Researchers based at the University of California, Los Angeles (UCLA) have developed superhard transition-metal borides through solid solution effects and grain boundary strengthening. Recently published in Accounts of Materials Research, the researchers describe their progress and review the factors that contribute to the material’s hardness.
Study: Hardening Effects in Superhard Transition-Metal Borides . Image Credit: Gorodenkoff/Shutterstock.com
Superhard materials are virtually incomprehensible solids with high electron density and high bond covalency. As a result of these unique properties, they are of significant interest in certain industrial areas such as abrasives, cutting tools, disc brakes, and wear-resistant and protective coatings. As such superhard materials are widely used in many industrial applications, like mining, defense, and space industries.
Mechanical hardness is typically used to gauge the applications of materials in machining and manufacturing industries using the Vickers hardness test, superhard materials are those that exceed hardness values of 40 gigapascals.
Diamond is the hardest known material used in industrial applications and while scientists have been synthesizing diamonds for decades the process necessitates high pressure and temperatures which can yield high costs. Therefore, researchers are often seeking alternative superhard materials that demonstrate the appropriate hardness and thermal stability at relatively low costs.
New research has developed superhard transition-metal borides through solid solution effects and grain boundary strengthening. Recently published in Accounts of Materials Research, the researchers describe their progress and review the factors that contribute to the material’s hardness.
“Inspired by the highly covalent bonding network found in diamond, our group has focused its efforts on designing new superhard materials by combining incompressible transition-metal atoms with light elements (e.g., boron and carbon),” says co-author professor Sarah H. Tolbert in the Department of Materials Science and Engineering, UCLA.
Superhard Transition-Metal Borides
The team started working with osmium dioboride (OsB2), which, although not a superhard material, by adding boron to the Os lattice significantly boosts the corresponding hardness factor. “Since our introductory work on OsB2, we have produced a range of superhard transition-metal borides with the aforementioned design parameters, including ReB2, WB4, and MB12 and their solid solutions,” explains Tolbert.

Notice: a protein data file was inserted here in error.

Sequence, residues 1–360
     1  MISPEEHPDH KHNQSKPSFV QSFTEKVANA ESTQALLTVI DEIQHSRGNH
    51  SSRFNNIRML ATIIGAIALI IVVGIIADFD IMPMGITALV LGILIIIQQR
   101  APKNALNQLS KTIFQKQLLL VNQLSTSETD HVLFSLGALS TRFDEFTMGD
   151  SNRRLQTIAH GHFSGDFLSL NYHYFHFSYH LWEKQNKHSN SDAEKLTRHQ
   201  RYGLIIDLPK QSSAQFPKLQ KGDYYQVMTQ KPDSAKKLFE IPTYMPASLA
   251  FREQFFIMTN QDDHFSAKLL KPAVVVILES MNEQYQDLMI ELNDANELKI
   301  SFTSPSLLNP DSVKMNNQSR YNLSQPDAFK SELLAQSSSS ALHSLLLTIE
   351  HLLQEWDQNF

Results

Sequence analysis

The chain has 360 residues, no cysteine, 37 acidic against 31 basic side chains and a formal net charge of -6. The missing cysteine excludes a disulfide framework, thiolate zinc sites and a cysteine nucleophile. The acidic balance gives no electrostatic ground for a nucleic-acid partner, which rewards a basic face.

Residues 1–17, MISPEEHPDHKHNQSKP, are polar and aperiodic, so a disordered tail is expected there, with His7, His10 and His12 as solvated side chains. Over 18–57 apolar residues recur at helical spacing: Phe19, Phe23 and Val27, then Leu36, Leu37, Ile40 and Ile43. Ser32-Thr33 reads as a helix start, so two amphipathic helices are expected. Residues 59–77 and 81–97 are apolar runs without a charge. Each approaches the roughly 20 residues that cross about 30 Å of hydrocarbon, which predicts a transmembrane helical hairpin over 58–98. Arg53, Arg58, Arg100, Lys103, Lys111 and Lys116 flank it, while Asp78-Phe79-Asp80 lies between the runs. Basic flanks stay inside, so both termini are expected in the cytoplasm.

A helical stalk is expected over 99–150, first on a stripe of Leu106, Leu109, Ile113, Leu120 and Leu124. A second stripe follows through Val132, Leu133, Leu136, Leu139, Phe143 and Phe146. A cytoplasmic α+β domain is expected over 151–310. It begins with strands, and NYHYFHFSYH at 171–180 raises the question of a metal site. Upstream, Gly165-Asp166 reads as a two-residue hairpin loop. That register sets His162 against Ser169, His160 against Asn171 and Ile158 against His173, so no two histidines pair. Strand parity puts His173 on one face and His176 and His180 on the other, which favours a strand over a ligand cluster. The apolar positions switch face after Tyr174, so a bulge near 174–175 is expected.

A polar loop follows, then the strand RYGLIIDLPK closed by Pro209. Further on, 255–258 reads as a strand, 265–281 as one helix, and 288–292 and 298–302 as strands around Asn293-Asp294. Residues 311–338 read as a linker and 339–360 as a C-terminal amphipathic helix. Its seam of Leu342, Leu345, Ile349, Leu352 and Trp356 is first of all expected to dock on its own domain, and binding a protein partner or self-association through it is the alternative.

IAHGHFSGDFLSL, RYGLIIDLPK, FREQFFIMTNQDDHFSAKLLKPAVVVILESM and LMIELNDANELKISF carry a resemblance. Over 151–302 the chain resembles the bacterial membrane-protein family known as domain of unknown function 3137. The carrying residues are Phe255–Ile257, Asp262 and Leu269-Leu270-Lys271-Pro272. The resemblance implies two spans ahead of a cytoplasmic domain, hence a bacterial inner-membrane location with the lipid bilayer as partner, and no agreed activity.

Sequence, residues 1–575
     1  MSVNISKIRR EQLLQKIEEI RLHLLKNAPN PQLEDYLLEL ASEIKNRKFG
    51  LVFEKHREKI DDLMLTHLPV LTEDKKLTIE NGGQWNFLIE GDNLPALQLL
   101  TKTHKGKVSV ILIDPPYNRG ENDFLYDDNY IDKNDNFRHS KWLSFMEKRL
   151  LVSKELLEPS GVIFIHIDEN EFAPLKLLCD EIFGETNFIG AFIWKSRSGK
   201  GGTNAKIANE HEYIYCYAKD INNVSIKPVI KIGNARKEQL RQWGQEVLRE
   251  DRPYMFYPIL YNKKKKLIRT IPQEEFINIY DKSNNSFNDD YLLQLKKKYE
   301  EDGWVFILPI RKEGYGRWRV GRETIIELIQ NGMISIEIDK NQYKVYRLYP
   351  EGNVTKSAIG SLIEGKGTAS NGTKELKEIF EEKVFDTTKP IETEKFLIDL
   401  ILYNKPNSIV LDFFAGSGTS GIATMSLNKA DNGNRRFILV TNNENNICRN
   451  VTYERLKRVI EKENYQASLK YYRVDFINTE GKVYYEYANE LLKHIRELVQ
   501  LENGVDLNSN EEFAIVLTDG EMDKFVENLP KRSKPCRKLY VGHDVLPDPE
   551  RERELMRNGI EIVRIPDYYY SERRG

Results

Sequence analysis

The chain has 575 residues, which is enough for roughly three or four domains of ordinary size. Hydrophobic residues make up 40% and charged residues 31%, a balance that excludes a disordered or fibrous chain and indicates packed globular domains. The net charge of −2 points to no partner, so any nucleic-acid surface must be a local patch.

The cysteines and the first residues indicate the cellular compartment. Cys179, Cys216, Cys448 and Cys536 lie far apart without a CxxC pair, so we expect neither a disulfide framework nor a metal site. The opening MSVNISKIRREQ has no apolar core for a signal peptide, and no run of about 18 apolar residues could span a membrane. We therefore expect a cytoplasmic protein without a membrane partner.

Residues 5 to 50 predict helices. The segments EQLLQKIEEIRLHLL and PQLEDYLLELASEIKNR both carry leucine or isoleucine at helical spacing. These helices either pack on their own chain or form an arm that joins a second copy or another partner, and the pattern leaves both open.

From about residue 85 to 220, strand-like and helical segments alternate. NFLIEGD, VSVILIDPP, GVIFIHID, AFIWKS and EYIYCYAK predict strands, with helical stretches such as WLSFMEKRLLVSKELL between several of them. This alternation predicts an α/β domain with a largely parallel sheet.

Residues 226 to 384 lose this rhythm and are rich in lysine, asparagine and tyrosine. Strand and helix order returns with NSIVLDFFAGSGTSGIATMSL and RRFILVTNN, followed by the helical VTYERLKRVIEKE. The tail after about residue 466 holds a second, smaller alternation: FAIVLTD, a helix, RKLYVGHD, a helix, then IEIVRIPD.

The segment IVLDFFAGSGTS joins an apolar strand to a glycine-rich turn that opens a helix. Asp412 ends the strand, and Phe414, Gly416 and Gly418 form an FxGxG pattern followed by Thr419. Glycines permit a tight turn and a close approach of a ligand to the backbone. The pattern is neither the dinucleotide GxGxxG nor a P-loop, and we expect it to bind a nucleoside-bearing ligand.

Hardness as a mechanical property is a result of both intrinsic and extrinsic effects and depends on the chemical bond strength and energy dissipation at grain boundaries, respectively. Materials that are intrinsically hard (e.g., diamond) have high resistance to both volume and shape changes (bulk modulus and shear modulus, respectively).
Crystal structures of (a) tetragonal α-WB, (b) orthorhombic β-WB, (c) WB2, and (d) ReB2. Gray atoms represent metals, while smaller, green atoms represent boron. Image Credit: Lisa E. P et al., Accounts of Materials Research
Solid solution formation is a technique that can be applied to increase the intrinsic hardness of a material, this process is where one type of atom is substituted for another atom. Conversely, extrinsic effects can be introduced by creating smaller grains and increasing the grain boundaries of the material.
“Both solid solution effects and grain boundary hardening impede the dislocation motion by introducing nonuniformity into the crystal lattice, consequently leading to higher hardness,” says Tolbert. The metal borides created by the UCLA team were formed at ambient pressure employing high-temperature solid-state techniques including arc melting and molten flux synthesis.
Machine Learning for Data-Driven discovery
One of the advances that the UCLA researchers introduced into their work was the inclusion of machine learning for the high-throughput screening of data. Machine learning has become a useful tool for materials discovery and data-driven discovery has been recently used to reveal new compositions for superhard materials.
While it is relatively easy to analyze the extrinsic properties of superhard materials, intrinsic properties such as electronic configurations, atomic radii, and chemical bond strength are much more difficult to review. However, machine learning capabilities deliver promising results in the field of data-driven discovery for superhard materials.
“Using ensemble learning designed to rule out hypotheses outliers after multiple training runs, algorithms achieving high accuracy (R2 = 0.97) were created and 68 superhard materials were discovered from a set of 66,000 compounds in Pearson’s crystal data set, a reasonable value because these materials are scarce,” explains Tolbert.
Consequently, the development of superhard, ultra-incompressible materials could lead to further advances in machining and manufacturing industries as well as finding use in diverse applications such as in the mining and space industries.
The team at UCLA discovered that transition metals with high valence electron density coupled with small, covalent-bond-forming atoms, such as boron, can potentially be ideal candidates for superhard materials.
The study highlights the design of superhard metal borides and considers the factors that contribute to their superhard properties. Furthermore, Tolbert explained that the work explores future avenues for designing and developing superior materials to meet the needs of next-generation engineering applications.
Hardening Effects in Superhard Transition-Metal Borides Lisa E. Pangilinan, Shanlin Hu, Spencer G. Hamilton, Sarah H. Tolbert, and Richard B. Kaner Accounts of Materials Research Article ASAP DOI: 10.1021/accountsmr.1c00192 https://pubs.acs.org/doi/10.1021/accountsmr.1c00192